The Dream House: From Fireside Tale to Fiction

Augustus John Cuthbert Hare (1834-1903) was an English writer who wrote mostly, it seems, about his travels and his family. Why he thought anyone would be interested in his six volume autobiography (The Story of my Life), I don’t know; but from it, we do learn that he had a lot of friends who liked to tell ghost stories. And Hare wrote them down.

John Augustus Cuthbert Hare
Augustus Hare (1834-1903). Source: Wikimedia

In that roundabout way that happens while doing research for a potential post, I found myself browsing the last three volumes of The Story of my Life. And I came upon an oddly familiar story, one that Hare records from a “Miss Broke,” the niece of the Gurdons, a family that Hare is staying with in Suffolk.

A woman living in Ireland begins having frequent dreams of “the most enchanting house I ever saw”—detailed dreams, about walking through all the rooms of the house, its garden and conservatory. Eventually the family decides to leave Ireland and move to England, and they proceed to search for a house in the vicinity of London. During their search, they learn of a house near Hampshire.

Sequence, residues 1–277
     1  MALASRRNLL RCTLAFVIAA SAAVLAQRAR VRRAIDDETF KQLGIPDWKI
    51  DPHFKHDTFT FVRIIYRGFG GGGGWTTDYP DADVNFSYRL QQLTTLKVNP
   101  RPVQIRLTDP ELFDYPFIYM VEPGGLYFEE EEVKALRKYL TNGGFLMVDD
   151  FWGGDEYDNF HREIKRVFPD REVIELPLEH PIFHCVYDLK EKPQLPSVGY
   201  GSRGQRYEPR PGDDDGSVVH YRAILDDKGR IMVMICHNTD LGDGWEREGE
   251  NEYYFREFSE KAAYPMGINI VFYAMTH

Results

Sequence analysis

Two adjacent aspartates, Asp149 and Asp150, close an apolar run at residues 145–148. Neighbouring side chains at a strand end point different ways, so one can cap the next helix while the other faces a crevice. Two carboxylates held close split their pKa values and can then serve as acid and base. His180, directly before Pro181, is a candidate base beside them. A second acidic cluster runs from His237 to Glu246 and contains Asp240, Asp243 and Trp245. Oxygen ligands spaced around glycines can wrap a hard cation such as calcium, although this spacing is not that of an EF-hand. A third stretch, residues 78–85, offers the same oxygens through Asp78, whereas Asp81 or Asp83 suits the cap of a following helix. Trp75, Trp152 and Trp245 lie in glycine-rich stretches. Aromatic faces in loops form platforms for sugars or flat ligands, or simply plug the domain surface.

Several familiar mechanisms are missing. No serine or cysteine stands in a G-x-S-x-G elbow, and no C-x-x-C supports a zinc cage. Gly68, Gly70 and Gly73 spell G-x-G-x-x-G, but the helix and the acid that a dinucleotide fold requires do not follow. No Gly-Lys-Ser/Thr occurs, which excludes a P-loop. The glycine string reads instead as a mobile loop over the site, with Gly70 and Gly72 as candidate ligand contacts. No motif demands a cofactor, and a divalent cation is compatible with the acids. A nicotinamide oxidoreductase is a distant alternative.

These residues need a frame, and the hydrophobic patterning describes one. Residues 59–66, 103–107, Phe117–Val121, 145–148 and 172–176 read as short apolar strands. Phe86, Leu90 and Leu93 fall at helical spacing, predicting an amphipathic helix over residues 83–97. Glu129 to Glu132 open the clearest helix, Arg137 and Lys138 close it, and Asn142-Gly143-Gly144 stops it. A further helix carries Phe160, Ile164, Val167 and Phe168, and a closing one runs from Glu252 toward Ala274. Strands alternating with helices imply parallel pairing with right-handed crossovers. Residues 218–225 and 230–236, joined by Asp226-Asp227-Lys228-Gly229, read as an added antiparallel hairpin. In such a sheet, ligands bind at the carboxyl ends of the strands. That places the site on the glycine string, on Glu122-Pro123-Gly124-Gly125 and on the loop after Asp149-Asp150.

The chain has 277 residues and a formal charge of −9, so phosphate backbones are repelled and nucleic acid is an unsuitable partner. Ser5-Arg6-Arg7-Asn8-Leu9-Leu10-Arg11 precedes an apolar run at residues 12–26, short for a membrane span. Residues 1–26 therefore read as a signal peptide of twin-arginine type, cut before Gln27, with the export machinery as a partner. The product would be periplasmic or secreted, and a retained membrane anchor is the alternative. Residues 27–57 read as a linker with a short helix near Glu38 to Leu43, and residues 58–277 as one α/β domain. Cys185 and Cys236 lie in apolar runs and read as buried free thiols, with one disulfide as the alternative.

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A Ghost Story from C. G. Jung

I recently spent an evening listening to Andreas Sommer’s three-part YouTube series, Poltergeist Phenomena and the History of Science. The series is based on an early post from Sommer’s Forbidden Histories blog, “The Naturalization of the ‘Poltergeist‘” (the linked article also posts to the YouTube videos). Really interesting article and video series; I recommend it.

Carl Jung (1875-1961)
Carl Gustav Jung (1875-1961). Source: Wikimedia

One of the things Andreas mentions in passing (in Part 3, if I remember correctly) is the real-life haunted house experience of noted psychoanalyst Carl Jung. Jung eventually wrote about this experience as a chapter of Spuk. Irrglaube oder Wahrglaube? (Hauntings. False Belief or True?), a 1950 collection of case studies of hauntings and poltergeists edited by the zoologist and researcher of paranormal phenomena Fanny Moser.

Jung had this experience in the summer of 1920, when he was in England to give a series of lectures. His host, “Dr. X,” arranged for Jung (and himself) to spend weekdays in London for the lectures, and weekends in the country at “a charming cottage” that rented for “a ridiculously low price.”

No regular reader of ghost stories will be at all surprised at what happens next.

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The Ghosts at Grantley

As Christmas week rolls around I’m switching to a couple of gentler, humorous ghost stories. This may or may not be in keeping with the traditional customs of winter tales, but it’s been my custom. This is my regular story for the week, and I’ll present another one on Christmas Eve.

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This week’s tale is “The Ghosts of Grantley,” by Leonard Kip. Grantley Grange boasts not one, but two remarkably similar ghosts: one for the upstairs and one for the downstairs. They show up regularly every Christmas, and they don’t seem to know that they’re dead! Can our hero convince them of this unpleasant reality so that they can move on?